Monday, September 4th, 2017...4:43 pmhrbekm

No Literary Term Is Worth the Aggravation

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Common in political rhetoric but evidently scarce in popular music, occupatio is a rhetorical device wherein the speaker draws attention to a point by pretending to avoid it. Also known as paralipsis, it often involves the use of a phrase like “I won’t talk about . . .” followed by a reference to the precise thing that the speaker is claiming not to mention. Given that we encounter occupatio in everything from interpersonal conversations to the speeches of world leaders, I was surprised at how few songs came to mind that employ it outright.

One that does is “I Won’t Say (I’m in Love)” from the Disney film Hercules. The song plays out as a conversation between the Muses and the character Meg as she grapples with her romantic feelings for the titular protagonist. A representative excerpt begins with Meg insisting, “No chance, no way / I won’t say it, no, no,” followed by the Muses’ line, “Give up, give in / Check the grin; you’re in love,” and Meg’s response, “This scene won’t play / I won’t say I’m in love.” In one sense she is reacting to the Muses’ allegation, but her main conflict is internal. Meg contradicts her assertion that she is not in love by criticizing her own judgment and alluding to the reasons for her hesitancy with lyrics like “I thought my heart had learned its lesson” and “No man is worth the aggravation.” The concluding line of the song contains perhaps the strongest example of occupatio: “At least out loud, I won’t say I’m in love.” After re-evaluating this song with regard to the given rhetorical device, I am better able to appreciate its irony. It is an admission framed as a denial, with the lyrics confirming exactly what they claim to refute.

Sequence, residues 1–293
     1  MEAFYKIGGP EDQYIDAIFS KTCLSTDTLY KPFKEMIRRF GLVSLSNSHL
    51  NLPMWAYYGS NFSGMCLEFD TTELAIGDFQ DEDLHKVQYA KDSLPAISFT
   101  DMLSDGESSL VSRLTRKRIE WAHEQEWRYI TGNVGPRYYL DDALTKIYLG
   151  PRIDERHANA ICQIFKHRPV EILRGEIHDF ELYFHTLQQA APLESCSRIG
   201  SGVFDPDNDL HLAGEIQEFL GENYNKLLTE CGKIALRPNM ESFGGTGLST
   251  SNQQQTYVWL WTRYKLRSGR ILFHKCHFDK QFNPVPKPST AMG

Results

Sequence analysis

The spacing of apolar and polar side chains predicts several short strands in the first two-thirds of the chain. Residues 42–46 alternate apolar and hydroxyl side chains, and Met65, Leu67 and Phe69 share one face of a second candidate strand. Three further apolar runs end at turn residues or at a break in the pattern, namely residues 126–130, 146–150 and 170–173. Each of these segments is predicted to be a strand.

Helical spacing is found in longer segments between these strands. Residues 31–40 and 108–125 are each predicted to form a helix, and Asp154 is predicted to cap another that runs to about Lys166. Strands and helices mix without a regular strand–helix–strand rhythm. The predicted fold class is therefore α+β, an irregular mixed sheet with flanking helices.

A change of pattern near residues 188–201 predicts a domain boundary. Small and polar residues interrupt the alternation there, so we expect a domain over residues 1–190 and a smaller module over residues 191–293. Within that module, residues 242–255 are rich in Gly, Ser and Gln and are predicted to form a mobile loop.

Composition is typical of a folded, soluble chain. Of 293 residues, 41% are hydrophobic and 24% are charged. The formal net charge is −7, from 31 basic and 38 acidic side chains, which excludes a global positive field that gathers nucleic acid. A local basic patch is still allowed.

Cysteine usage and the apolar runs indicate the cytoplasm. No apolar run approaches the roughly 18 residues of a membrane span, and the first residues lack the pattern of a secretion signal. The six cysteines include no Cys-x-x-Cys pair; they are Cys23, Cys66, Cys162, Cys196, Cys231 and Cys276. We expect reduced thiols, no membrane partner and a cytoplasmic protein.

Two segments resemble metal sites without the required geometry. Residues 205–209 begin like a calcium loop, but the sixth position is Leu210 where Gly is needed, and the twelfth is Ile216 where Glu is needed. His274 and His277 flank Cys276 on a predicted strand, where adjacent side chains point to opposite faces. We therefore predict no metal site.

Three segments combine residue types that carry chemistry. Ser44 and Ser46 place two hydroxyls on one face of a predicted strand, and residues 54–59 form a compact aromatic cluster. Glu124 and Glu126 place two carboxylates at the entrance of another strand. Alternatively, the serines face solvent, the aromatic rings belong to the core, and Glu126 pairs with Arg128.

4 Comments

  • I really like this term as well as the example you chose. I think the end of this post got me thinking the most. Occupatio has a lot to do with honesty and people’s hesitation to use honesty. It’s a way of being yourself without the full responsibility.

  •   Professor Seiler
    September 6th, 2017 at 8:51 pm

    Melanie–I’m with Megan. This is a great example of occupatio. What’s especially interesting is that occupatio is often associated with (men) bragging (e.g. “I wouldn’t say I’m a genius but…”) or with gossip (e.g., “I don’t like to talk out of school, but did you hear…?”). In your example, as in so many pop love songs, the occupatio reflects the singer/speaker hiding her emotions from herself… or trying and failing to! Nice job.

  • I love that you chose a song from Hercules! As a proud Disney addict, I appreciate that I was ‘forced’ to listen to “I Won’t Say (I’m in Love).” Megan brought the fear of honesty to the table as a reason to use occupatio, and I’ll add pride as another, supported by a Muse’s proclamation, “Girl don’t be proud, it’s okay, you’re in love.”

  • I love that you chose a song from Hercules! As a proud Disney addict, I appreciate that I was ‘forced’ to listen to “I Won’t Say (I’m in Love).” Megan commented on the tactic of using occupatio to avoid being honest, and I’ll add that hiding behind pride is another reason to employ it. As a Muse proclaims, “Girl don’t be proud/ It’s okay you’re in love.”

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